Besides issuing the wages cutting decree the company applied to the Kazakh government asking to speed up the tax refund. “The company has asked the Kazakhstan government to return the 12 billion tenge ($65 million) of VAT payments that the state owes to the company since 2010," ArcelorMittal Temirtau said. The company explicitly declared that once the government made the refund the company would be able to resolve the salaries issues.
"Trade union committees of metallurgists and miners are aware of the current situation in the company and have promised to help resolve the (refund) problem,” the company said.
In the meanwhile, Kazakhstan's Trade Union of Workers of Mining and Metallurgical Industries questioned the legitimacy of the wages cuts and applied to the prosecutor. "The January 21 decree of this year has been canceled. The decree involved cancelling the salaries' adjustment to the inflation rate and 25-50 percent wage cuts. The decree was issued without the trade union's consent. It was canceled unilaterally. So today, our trade union appeals to prosecutor's office to challenge the decision because it deals with the clauses of our of collective employment agreements, " head of the trade union Assylbek Nuralin said.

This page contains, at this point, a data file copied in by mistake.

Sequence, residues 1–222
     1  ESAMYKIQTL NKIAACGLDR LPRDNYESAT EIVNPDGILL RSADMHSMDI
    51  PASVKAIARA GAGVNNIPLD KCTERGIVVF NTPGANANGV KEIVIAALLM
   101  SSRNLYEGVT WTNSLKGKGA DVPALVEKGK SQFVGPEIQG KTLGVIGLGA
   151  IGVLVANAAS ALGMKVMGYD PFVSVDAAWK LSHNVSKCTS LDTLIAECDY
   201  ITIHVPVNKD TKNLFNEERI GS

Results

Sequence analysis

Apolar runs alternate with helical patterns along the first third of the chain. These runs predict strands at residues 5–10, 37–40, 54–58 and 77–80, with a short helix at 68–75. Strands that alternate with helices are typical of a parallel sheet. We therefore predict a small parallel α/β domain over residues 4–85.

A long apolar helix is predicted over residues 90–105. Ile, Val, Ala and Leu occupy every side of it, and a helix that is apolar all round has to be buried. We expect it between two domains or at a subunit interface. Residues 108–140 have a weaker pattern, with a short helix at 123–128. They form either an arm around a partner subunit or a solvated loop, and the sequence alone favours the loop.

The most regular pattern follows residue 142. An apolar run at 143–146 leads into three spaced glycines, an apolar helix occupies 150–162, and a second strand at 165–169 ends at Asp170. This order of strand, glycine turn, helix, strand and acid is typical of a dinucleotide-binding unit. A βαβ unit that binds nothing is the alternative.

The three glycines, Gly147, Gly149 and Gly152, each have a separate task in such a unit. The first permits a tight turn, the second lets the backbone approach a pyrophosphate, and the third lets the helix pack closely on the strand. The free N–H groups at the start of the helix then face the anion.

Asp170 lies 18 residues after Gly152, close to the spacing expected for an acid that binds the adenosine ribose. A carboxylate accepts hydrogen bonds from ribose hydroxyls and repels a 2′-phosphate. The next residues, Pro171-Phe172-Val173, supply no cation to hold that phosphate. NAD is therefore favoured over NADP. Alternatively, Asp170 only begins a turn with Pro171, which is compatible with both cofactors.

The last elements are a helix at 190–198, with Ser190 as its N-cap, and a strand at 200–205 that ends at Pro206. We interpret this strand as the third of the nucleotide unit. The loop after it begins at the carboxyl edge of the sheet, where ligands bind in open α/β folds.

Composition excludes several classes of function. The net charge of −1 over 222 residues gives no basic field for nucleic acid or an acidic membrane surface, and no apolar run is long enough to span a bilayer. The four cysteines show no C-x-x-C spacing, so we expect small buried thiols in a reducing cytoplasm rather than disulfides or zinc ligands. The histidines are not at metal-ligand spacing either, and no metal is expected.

In response to the trade union's appeal, the Labor Inspection of Karaganda Oblast (where Temirtau city belongs) started a check into the activities of ArcelorMittal Temirtau. "We have authorised the check. And we will be supervising its course," the region's prosecutor's office said. The check is called to determine the legitimacy of the company's action. "If the company's actions are found to be in breach of the laws steps will be taken to restore the employees in their rights," the prosecutor's office promised.
Kazakhstan's Minister of Healthcare and Social Development Tamara Duisenova commented the situation by saying: "Labor relations are regulated by labor contracts entered into by and between the employer and the employee. The contract specifies the wages rate and the employee is obliged to fully and timely pay the wages. If an employer wants to introduce any changes in a contract it is supposed to notify the employee one month prior to the date. Kazakhstan's Labor Code clearly specifies that an employer may not adopt any acts that undermine labor standards."